By: Steve Knopper
If anybody in rock deserves to sing the line “now all the things that used to mean so much to me/Have made me old before my time,” it’s Gregg Allman. Since he and his brother, Duane, founded the Allman Brothers Band 34 years ago, the singer-keyboardist has had to cope with deaths in the family, heroin and alcohol abuse, marriage and divorce with Cher, band breakups and reunions and the endless grind of life on the road.
“Old Before My Time,” a wistful folk-rock song on the Allman Brothers Band’s first studio album in nine years, captures these travails in a weary, nostalgic way. Although the Southern-rock collective is best known these days as a grandfatherly fixture on the jam-band concert circuit, “Hittin’ the Note,” due March 18, shows off Allman’s under-recognized talents as a singer, songwriter and organist.
“This is a point in time where we all kind of stop and look back and see what the effect all this has had on us. And that seemed to come out on this record,” says Allman, whose band plays the second of 13 concerts Friday night at the Beacon Theatre. “‘Old Before My Time’ isn’t necessarily bad — you lived hard and loved it.”
“Hittin’ the Note” won’t surprise any Allman Brothers fan. Steeped in blues and jazz, as usual, the Southern-rock CD jumps from the laid-back “Whipping Post”-style anthem “Firing Line” to a slow cover of the Rolling Stones’ “Heart of Stone” to the 12-minute jam “Instrumental Illness.” The band has played exactly like this for decades, with a revolving door of guitarists complementing Allman and drummer Butch Trucks.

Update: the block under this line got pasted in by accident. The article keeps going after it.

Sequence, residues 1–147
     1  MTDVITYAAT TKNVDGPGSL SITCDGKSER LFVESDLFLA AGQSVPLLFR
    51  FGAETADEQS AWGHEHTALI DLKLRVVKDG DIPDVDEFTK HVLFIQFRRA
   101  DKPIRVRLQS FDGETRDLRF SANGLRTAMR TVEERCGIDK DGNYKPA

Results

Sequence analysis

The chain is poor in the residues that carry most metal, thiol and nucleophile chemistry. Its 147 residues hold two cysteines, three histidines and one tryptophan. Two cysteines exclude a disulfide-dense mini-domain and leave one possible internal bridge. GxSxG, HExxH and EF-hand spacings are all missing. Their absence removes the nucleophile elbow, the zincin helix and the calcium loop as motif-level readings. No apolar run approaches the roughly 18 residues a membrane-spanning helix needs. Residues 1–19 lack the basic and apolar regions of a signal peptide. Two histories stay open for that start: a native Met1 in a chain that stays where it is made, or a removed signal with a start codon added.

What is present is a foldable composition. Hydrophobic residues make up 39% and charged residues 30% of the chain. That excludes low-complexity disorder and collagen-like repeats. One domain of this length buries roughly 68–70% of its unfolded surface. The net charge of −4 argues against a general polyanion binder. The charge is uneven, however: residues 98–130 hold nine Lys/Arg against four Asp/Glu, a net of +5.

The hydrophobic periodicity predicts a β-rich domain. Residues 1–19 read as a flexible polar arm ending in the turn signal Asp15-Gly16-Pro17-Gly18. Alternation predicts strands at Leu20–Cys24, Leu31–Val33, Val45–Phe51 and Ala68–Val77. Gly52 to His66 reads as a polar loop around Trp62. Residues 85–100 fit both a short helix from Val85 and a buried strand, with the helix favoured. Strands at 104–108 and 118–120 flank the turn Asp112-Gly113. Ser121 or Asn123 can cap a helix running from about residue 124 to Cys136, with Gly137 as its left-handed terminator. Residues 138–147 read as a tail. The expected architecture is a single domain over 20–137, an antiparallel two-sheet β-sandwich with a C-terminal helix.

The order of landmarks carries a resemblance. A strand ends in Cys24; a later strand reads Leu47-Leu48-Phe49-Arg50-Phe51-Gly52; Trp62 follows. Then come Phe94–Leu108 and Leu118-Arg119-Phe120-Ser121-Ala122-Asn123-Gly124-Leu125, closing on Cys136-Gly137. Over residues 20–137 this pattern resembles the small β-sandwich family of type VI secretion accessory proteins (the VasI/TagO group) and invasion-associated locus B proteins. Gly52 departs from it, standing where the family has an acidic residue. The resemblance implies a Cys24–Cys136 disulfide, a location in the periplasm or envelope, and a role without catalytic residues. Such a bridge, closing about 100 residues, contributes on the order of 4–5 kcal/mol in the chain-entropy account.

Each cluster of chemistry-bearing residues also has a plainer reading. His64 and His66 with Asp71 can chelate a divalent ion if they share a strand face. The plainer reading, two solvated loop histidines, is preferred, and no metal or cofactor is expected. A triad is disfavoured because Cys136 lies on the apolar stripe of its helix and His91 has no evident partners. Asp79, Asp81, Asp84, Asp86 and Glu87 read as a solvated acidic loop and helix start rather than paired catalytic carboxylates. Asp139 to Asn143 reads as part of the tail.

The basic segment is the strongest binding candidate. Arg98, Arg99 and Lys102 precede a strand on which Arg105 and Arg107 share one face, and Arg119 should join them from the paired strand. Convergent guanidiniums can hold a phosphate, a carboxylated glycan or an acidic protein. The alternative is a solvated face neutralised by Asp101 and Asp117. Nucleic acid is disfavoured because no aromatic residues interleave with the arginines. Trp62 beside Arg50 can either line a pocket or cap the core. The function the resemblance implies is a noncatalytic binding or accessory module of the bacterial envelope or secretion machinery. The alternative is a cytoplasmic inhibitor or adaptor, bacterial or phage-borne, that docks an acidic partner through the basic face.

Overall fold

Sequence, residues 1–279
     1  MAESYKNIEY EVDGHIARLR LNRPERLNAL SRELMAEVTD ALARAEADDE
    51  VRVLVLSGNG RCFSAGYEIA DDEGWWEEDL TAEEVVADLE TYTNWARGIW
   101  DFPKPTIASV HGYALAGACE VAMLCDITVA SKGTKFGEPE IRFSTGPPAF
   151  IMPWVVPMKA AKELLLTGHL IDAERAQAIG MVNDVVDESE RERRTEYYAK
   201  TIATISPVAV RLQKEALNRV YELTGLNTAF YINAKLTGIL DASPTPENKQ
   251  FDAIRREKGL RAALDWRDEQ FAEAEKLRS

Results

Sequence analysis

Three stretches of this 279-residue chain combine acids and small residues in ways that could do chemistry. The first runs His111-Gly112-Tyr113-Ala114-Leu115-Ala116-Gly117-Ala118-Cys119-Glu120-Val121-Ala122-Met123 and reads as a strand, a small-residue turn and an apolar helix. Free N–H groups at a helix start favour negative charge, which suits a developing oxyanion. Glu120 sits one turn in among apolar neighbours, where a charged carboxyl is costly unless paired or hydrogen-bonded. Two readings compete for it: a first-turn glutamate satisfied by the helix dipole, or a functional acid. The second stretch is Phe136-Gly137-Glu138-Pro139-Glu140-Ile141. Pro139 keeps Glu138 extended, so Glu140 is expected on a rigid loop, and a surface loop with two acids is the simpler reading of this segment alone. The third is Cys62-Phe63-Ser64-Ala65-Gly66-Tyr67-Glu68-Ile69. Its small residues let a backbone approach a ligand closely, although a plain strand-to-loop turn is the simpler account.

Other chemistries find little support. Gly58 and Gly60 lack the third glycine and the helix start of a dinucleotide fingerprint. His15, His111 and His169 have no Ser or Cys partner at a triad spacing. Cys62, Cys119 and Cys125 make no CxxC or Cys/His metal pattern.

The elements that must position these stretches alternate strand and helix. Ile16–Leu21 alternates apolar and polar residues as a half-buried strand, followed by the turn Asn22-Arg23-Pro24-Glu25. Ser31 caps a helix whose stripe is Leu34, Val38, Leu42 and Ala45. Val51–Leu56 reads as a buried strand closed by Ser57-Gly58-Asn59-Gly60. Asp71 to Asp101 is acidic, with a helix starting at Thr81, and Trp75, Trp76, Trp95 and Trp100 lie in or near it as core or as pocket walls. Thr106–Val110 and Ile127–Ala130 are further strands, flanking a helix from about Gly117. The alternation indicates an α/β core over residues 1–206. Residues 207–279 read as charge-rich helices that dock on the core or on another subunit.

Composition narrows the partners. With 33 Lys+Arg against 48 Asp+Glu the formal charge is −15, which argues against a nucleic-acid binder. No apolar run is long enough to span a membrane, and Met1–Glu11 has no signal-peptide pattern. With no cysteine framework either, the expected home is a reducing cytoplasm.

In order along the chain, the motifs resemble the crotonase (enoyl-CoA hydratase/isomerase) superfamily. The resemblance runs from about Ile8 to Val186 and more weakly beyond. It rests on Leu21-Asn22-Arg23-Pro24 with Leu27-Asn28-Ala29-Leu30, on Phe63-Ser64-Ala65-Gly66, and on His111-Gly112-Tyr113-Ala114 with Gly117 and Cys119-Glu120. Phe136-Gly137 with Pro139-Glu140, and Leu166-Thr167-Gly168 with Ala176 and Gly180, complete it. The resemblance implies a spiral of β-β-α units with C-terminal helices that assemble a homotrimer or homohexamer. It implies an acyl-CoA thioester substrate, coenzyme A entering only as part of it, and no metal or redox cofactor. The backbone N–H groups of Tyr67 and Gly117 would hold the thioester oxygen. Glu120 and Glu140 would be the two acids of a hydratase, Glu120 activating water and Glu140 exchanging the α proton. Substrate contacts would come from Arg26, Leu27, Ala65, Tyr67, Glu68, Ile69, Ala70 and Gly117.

Some would say, however, that the Allmans haven’t been the same since talented guitarist Duane Allman died in a motorcycle crash in 1971. Gregg Allman soldiered on, making solo albums, starring in the film “Rush” and eventually returning to the endless tour.
Since the group re-formed in 1989 after a seven-year absence, its lineup has been more or less stable — until 2000, when it sacked original guitarist Dickey Betts, reportedly via fax. Two years ago, Warren Haynes (of Gov’t Mule) rejoined, joining one-time teen phenom Derek Trucks on guitar. “Let’s face it, we’ve had so many changes in this damn band the last few years. It’s quite a bit like — and don’t get the wrong idea — a relationship. You’ve got to learn everybody’s little idiosyncrasies,” Allman says.
Abruptly, he brings up the simmering subject of Betts’ departure: “We’re not the kind of people who’d be on the phone with each other and hang up. I’ve never hung up on another Allman Brother except on one occasion, and I don’t want to talk about that.” When was that? “If we can get through this whole thing without talking about Dickey, it’ll be just fine,” Allman snaps. “That’s not what you wanted to talk about, right?”
But, overall, Allman is friendly in a laid-back way. Auditioning new guitarists for the Allman Brothers, he acknowledges, is a challenging process. “A lot of people will play just what they want you to hear — then, after they’re in for a while, they’ll just start buzzing somewhere else. You have to kind of get them into your own brood, you know?” he says. “Like, ‘Yeah, man, keep playing your style — but we’re playing Allman Brothers music.'”
Steve Knopper is a freelance writer.
WHERE & WHEN The Allman Brothers Band, 8 p.m. Friday night, Saturday, Monday, Tuesday, Thursday, March 21, March 22, March 25, March 26, March 28, March 29 and March 30 at the Beacon Theatre, Broadway at 74th Street. Tickets are $45.99 and $65.99. Call Ticketmaster at631-888-9000 or go to www.ticketmaster.com.